The Spilled Potion

In this lighthearted kids’ fantasy from debut author Syed, a young witch gets herself into a lot of trouble as the result of trying to get back at her younger sister for her bad behavior.
Thirteen-year-old Zara “Zoey” Williams, who comes from a family of wizards and witches, is tired of her little sister, Allie, causing trouble with magic. She gets particularly annoyed after Allie makes a mess in her room while trying to turn her pet frog, Lilly, into a puppy. In retaliation, Zoey decides to turn Allie into a bunny, which backfires when Zoey accidentally spills the potion needed to restore Allie to her original form; unfortunately, she has no idea how to fix the problem. This sets off a series of misadventures. Zoey gets help from the eccentric head of witchy society, who claims to be Cleopatra—according to her, she wasn’t killed by an asp; she merely time traveled. Eventually, Zoey travels to the future in order to get some needed though currently unavailable ingredients for reversing spells. There, she’s assisted by a girl named Jenny and her mom. This extremely imaginative book stars a clever, young first-person narrator who will greatly appeal to middle school readers. With remarkably strong prose, the author, an 11-year-old, manages to conjure up not only exactly the sort of magical adventure that would appeal to her age group, but also a protagonist to whom they can truly relate. While an older reader might have some trouble embracing the novel due to a few plot holes, such as how Zoey is able to keep her sister’s disappearance a secret from her parents for such a long time, and some far-fetched conceits—if Zoey has to go to the future (a presumably complex spell) to reverse a seemingly simple spell after spilling one potion, what do other magic-users do in even worse situations?—such concerns won’t likely bother the target age group, who will be delighted by the novel’s magic, humor and heart.

A warmhearted, fun children’s story that young fantasy fans will enjoy.

Pub Date: May 2, 2014

ISBN: 978-1494276966

Page Count: 210

Publisher: CreateSpace

Review Posted Online: July 24, 2014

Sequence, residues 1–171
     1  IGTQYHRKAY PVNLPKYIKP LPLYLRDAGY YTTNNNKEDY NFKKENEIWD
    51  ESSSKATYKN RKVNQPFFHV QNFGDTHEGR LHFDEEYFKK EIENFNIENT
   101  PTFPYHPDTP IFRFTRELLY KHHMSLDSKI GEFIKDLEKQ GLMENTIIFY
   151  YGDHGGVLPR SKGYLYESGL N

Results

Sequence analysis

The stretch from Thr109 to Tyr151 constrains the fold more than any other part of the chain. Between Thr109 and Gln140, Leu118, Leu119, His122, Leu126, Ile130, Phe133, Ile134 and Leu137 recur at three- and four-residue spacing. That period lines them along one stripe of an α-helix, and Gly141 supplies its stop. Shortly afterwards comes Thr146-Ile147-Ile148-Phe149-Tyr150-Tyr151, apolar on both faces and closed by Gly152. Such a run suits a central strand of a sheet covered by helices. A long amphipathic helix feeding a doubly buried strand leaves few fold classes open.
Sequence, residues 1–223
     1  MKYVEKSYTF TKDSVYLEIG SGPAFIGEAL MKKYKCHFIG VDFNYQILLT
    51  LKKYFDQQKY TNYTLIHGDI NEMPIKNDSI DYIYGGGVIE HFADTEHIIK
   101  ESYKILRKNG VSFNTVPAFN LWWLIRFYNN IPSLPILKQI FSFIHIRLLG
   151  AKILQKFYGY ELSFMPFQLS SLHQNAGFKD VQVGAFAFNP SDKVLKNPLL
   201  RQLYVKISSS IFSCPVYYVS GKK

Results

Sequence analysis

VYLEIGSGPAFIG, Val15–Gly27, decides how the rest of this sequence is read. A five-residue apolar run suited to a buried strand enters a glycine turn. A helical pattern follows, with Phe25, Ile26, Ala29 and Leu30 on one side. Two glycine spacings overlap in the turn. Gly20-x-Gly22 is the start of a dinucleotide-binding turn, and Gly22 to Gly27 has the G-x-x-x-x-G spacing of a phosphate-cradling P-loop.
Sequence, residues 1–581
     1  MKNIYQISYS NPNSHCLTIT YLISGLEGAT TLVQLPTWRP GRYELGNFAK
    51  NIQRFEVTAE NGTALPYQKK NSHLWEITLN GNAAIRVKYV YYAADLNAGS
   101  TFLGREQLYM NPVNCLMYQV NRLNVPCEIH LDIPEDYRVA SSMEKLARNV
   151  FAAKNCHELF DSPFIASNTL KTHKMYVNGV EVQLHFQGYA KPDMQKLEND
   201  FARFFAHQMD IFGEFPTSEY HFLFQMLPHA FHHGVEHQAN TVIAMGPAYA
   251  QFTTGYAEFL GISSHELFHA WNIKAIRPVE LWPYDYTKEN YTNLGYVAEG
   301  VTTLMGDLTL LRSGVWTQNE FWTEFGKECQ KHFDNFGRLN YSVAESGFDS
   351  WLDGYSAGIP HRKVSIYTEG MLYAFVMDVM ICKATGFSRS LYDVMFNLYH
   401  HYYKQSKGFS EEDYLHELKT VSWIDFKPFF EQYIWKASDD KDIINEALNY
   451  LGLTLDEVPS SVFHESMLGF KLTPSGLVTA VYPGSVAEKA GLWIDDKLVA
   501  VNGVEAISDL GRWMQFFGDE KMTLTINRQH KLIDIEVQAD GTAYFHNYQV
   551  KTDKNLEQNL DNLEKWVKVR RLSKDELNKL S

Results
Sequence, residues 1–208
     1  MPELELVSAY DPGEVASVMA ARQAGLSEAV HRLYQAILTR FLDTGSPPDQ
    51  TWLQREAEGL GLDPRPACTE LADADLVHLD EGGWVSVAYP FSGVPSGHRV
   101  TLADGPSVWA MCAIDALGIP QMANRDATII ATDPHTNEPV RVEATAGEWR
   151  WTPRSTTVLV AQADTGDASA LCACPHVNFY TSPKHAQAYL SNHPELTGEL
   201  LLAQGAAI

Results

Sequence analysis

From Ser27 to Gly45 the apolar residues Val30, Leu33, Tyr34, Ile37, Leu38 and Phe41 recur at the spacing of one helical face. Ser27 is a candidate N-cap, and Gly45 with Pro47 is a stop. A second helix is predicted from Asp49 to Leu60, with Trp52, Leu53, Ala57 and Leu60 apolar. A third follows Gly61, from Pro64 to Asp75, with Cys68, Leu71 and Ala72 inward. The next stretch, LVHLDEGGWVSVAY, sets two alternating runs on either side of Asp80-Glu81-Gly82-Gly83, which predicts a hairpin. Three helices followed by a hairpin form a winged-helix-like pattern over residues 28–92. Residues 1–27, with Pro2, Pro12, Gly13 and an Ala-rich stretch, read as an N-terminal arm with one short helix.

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THE LIGHTNING THIEF

From the Percy Jackson and the Olympians series , Vol. 1

Edgar Award–winning Riordan leaves the adult world of mystery to begin a fantasy series for younger readers. Twelve-year-old Percy (full name, Perseus) Jackson has attended six schools in six years. Officially diagnosed with ADHD, his lack of self-control gets him in trouble again and again. What if it isn’t his fault? What if all the outrageous incidents that get him kicked out of school are the result of his being a “half-blood,” the product of a relationship between a human and a Greek god? Could it be true that his math teacher Mrs. Dodds transformed into a shriveled hag with bat wings, a Fury, and was trying to kill him? Did he really vanquish her with a pen that turned into a sword? One need not be an expert in Greek mythology to enjoy Percy’s journey to retrieve Zeus’s master bolt from the Underworld, but those who are familiar with the deities and demi-gods will have many an ah-ha moment. Along the way, Percy and his cohort run into Medusa, Cerberus and Pan, among others. The sardonic tone of the narrator’s voice lends a refreshing air of realism to this riotously paced quest tale of heroism that questions the realities of our world, family, friendship and loyalty. (Fantasy. 12-15)

Pub Date: July 1, 2005

ISBN: 0-7868-5629-7

Page Count: 384

Publisher: Hyperion

Review Posted Online: May 20, 2010

Kirkus Reviews Issue: June 15, 2005

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A jam-packed opener sure to satisfy lovers of the princess genre.

SNOW PLACE LIKE HOME

From the Diary of an Ice Princess series

Ice princess Lina must navigate family and school in this early chapter read.

The family picnic is today. This is not a typical gathering, since Lina’s maternal relatives are a royal family of Windtamers who have power over the weather and live in castles floating on clouds. Lina herself is mixed race, with black hair and a tan complexion like her Asian-presenting mother’s; her Groundling father appears to be a white human. While making a grand entrance at the castle of her grandfather, the North Wind, she fails to successfully ride a gust of wind and crashes in front of her entire family. This prompts her stern grandfather to ask that Lina move in with him so he can teach her to control her powers. Desperate to avoid this, Lina and her friend Claudia, who is black, get Lina accepted at the Hilltop Science and Arts Academy. Lina’s parents allow her to go as long as she does lessons with grandpa on Saturdays. However, fitting in at a Groundling school is rough, especially when your powers start freak winter storms! With the story unfurling in diary format, bright-pink–highlighted grayscale illustrations help move the plot along. There are slight gaps in the storytelling and the pacing is occasionally uneven, but Lina is full of spunk and promotes self-acceptance.

A jam-packed opener sure to satisfy lovers of the princess genre. (Fantasy. 5-8)

Pub Date: June 25, 2019

ISBN: 978-1-338-35393-8

Page Count: 128

Publisher: Scholastic

Review Posted Online: March 27, 2019

Kirkus Reviews Issue: April 15, 2019

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